- Use Beta readers and workshops – Similar to creating beta version of software, it can be useful creating beta versions of documentation to gather feedback.
- Reading and Writing are connected habits – This is perhaps the most important of all. The more widely you read, the better. An article here or a novel there can spark ideas — and I’m not just talking about ideas for good fiction. You can find new metaphors and new perspectives with every word you read. I have found this to be true when I write documentation myself.
Do you know the best people in the organisation to talk about what customers want? Not the trainers, or the developers or even the marketing people. The support staff have more interaction with the customers directly than anyone else combined. Why are we not engaging them with the documentation efforts then? In her thought-provoking talk, Documentarians and Support: Work Better Together, Sarah Chambers gave some great insights into doing exactly this.
- Technical writers and support staff have exactly the same goal – to help customers perform a task. Technical writers + Support = Superpowers!
- Support help writers close the feedback cycle perfectly by showing them where the users are having trouble finding docs, are unclear or do not exist.
- Support can provide writers a lot of information about the users, behaviour, the way they use the product or the language they use
Speaking from her Online Support background, she explained some metrics that support can provide about effectiveness of your documentation (in addition to your doc metrics around page views, engagement etc):
a. Measure your self-service ratios – Self service ratio = (no of article views)/(no of tickets created)
b. Customer effort score – Use a scale from Strongly Agree to Strongly Disagree to respond and look at the distribution of scores (High, Medium and Low effort)
c. Ticket tagging – Tag support tickets by how-to questions (for writers), bugs (for developers) or feedback (for product owners). You can use this data to graph your work effort, distribution of issues.
d. Qualitative data – Make your support tickets topics match your documentation topics. Makes it easy to track and troubleshoot. Also helps with proving ROI on documentation.
How do we get the support team to work with the writers?
- Use common tools that support can use to create first drafts of documentation
- Provide them downtime to work on other projects such as documentation
- Create a in-house style guide as a reference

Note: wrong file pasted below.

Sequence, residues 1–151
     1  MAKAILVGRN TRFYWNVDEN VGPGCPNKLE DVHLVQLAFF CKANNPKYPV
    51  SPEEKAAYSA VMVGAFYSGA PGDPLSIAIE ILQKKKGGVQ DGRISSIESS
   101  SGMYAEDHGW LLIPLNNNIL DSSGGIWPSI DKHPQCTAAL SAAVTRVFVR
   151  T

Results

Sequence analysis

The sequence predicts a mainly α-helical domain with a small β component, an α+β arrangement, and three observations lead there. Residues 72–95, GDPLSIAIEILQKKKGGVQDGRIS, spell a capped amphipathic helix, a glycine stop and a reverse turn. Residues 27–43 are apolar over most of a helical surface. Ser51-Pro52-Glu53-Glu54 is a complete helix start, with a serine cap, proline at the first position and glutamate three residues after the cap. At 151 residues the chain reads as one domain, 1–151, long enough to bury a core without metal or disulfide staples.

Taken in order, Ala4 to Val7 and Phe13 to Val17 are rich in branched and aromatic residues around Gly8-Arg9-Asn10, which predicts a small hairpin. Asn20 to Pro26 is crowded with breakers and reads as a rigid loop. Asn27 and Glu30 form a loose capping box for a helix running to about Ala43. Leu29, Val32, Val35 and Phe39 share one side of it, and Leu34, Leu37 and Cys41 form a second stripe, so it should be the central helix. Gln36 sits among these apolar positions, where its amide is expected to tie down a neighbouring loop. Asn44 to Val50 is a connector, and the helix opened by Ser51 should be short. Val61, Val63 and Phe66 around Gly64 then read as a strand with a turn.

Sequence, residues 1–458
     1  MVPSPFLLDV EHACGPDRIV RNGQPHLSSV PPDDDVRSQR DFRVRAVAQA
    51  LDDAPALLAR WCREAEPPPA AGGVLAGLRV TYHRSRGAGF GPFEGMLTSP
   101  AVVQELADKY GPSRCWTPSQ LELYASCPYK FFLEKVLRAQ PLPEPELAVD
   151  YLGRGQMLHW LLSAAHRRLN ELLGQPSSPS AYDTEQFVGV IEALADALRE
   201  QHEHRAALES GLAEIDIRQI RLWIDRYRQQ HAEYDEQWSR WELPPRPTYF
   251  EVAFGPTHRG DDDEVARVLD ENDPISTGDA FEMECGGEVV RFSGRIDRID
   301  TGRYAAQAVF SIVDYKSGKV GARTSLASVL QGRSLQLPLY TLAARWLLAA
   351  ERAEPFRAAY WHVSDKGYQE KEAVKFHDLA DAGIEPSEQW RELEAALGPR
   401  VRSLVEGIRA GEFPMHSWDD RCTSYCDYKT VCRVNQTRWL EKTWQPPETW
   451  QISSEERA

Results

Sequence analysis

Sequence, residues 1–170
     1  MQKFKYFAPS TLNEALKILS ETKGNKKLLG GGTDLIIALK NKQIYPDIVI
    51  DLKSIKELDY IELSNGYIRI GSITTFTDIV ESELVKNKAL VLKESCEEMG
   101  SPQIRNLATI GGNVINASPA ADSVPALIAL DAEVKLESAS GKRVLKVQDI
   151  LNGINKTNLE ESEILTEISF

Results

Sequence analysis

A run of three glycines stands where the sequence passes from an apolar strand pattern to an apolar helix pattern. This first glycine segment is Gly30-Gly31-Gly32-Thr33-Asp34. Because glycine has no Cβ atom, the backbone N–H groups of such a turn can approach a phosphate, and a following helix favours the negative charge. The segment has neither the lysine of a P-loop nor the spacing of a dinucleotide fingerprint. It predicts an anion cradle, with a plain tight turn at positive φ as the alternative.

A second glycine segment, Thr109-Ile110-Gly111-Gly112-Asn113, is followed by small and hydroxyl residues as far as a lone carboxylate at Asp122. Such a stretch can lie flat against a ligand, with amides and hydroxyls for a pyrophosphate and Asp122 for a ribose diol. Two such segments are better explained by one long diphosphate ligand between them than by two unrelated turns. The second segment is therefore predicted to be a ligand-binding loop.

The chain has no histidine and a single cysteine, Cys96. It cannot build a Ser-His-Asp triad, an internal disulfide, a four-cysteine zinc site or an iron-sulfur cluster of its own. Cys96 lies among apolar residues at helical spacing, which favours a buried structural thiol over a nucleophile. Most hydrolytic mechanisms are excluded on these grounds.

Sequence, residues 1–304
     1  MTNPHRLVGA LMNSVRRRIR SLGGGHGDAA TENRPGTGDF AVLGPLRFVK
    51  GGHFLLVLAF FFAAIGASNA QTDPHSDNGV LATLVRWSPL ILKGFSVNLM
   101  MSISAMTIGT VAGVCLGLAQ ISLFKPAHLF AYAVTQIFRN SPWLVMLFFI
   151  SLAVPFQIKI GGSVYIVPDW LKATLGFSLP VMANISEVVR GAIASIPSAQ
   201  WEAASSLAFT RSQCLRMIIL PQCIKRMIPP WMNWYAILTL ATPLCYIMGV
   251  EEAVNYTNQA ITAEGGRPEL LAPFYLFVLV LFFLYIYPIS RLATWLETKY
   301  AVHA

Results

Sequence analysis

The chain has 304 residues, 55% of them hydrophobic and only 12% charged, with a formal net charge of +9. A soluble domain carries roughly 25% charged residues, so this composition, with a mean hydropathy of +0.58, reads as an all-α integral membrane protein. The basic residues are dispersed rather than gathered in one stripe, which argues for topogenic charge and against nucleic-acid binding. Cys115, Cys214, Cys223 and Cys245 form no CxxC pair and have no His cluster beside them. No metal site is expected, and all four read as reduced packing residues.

- Use the same workflow to progress a document
- Provide the correct templates to support staff
Kata Nagygyorgy has been working on polling useful data around technical communications for some months now and she provided us with early insights. In an initial sample of 100 responders across NA, EU, AU:
- There are around 30-40 names our documentarian community identified with, with Technical Writer as the most popular title for documentarians
- 20% people got into Tech Writing by coincidence
- Github has quickly grown to be the most popular, with Confluence, Text editors and Word as the most popular tools
- 71% responders have and use an in-house style guide for their documentation
- Markdown, XML and DITA are the most popular outputs
- 66% responders self-review their documentation
You can use this form to fill in your stats: https://goo.gl/6SQc63
I took some time off in the afternoon to network with other attendees and join an unconference table talking style guides.
While the term “unconference” is not new in itself, most conferences I’ve been to in the past, encourage attendees to mingle over breaks.
At Write the Docs, attendees who had an interest in hosting an unconference session could do so by putting up their ideas on a whiteboard at the start of the day and others could join in, providing a break from the intense presentations. I thought this was a real cool way for people to talk about topics close to their heart, be it coding, APIs, style guides, or search algorithms.
I joined in the Style Guides session where a group of attendees spoke about the pros and cons of style guides, what needs to be included/excluded, the “live” nature of style guides and how companies should encourage staff to contribute to style guides.
The key takeaway of this session was: Everyone needs a style guide. It makes life easier, documentation consistent and removes ambiguity around standards.